Researchers have found that cancer cells contain shattered chromosomes that can allow a tumor to become more aggressive and help it resist chemotherapy drugs.
Cancers evolve over several steps, and one of the earliest occurs when mutations create a tumor — a group of abnormal cells. A mutation can involve anything from changing a single letter in DNA to rearranging an entire chromosome.
The most extreme rearrangement is to shatter chromosomes, a phenomenon known as ‘chromothripsis’ — Greek for ‘shattered color’ (chromosome means ‘colored body’). Breaking DNA into (sometimes hundreds of) pieces separates genes, allowing a tumor to gain novel combinations that increase the activity of key genes whose actions may decrease the effectiveness of anti-cancer drugs.
Shattering chromosomes leaves behind rings of genetic material called ‘circular extrachromosomal DNA’, or ecDNA. According to a 2019 study by researchers at the University of California at San Diego, La Jolla, up to half of all cells in many types of cancer have rings that help tumors grow, and their latest research now shows that ecDNA also enables them to develop resistance to therapeutic drugs.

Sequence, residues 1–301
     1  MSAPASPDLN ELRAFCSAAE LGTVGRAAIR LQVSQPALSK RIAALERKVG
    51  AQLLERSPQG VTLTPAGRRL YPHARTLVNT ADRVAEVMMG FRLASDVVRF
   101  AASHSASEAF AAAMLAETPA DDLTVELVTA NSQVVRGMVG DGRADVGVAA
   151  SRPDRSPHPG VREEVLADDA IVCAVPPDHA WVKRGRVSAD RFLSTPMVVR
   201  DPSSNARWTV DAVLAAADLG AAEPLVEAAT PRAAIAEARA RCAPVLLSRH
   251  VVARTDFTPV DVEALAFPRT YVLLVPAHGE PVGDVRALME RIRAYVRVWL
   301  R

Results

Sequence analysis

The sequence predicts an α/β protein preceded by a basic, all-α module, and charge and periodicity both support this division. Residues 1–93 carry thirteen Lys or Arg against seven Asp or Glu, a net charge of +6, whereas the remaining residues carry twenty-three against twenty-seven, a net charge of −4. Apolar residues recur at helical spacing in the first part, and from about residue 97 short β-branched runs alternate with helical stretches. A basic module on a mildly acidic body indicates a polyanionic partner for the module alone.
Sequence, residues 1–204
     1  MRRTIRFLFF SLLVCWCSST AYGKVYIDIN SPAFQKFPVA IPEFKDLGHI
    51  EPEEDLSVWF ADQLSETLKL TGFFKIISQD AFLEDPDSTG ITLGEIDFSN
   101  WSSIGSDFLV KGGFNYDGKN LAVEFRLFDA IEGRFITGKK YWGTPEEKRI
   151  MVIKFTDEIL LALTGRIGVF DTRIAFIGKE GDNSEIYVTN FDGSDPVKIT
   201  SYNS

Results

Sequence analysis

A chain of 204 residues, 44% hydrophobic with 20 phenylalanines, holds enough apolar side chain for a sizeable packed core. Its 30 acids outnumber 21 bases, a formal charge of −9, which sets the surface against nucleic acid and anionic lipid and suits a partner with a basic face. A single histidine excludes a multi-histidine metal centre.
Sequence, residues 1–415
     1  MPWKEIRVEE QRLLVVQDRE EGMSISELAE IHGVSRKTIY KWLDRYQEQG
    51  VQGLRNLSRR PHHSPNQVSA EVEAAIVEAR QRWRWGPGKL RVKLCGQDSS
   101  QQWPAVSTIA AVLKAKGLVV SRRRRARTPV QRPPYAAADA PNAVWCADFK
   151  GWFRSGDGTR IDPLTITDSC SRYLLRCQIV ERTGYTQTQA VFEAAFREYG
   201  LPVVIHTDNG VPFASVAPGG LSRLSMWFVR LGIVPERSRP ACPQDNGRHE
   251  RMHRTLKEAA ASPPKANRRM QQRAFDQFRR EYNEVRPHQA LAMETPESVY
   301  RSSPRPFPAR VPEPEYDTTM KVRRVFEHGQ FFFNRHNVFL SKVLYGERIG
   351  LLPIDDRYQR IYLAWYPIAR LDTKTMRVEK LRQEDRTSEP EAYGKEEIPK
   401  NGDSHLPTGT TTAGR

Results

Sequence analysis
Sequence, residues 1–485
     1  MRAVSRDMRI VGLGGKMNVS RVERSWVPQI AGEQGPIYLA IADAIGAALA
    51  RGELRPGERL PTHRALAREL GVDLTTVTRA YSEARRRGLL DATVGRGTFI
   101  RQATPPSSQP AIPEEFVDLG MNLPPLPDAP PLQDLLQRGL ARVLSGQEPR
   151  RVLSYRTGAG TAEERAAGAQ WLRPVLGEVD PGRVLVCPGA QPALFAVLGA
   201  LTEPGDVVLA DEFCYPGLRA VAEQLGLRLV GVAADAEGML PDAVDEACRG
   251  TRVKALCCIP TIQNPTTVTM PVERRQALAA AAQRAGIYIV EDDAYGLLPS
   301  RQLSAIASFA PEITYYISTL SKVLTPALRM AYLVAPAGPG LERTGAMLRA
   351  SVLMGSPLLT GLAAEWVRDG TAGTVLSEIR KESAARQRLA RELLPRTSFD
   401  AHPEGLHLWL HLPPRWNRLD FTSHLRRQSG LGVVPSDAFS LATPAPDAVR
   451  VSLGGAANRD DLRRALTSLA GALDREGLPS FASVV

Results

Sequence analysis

The new study involved reading DNA sequences in tumor cells during a cancer’s evolution. That genome sequencing showed that chromosomes were repeatedly shattered while the cells divided, which allowed them to acquire various genetic combinations from their circular extrachromosomal DNA — including genes for resistance to methotrexate, a drug widely-used in chemotherapy.
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A tumor can amplify the genetic activity for resisting anti-cancer drugs because the genes in ecDNA rings are repeatedly copied while outside of a chromosome. Worse, as chemotherapy and radiotherapy can damage chromosomes, cancer cells can then reintegrate that circular extrachromosomal DNA back into their genomes.
Shattered chromosomes and amplification of drug-resistance genes has revealed yet another reason why cancers are so effective at evolving to evade treatment.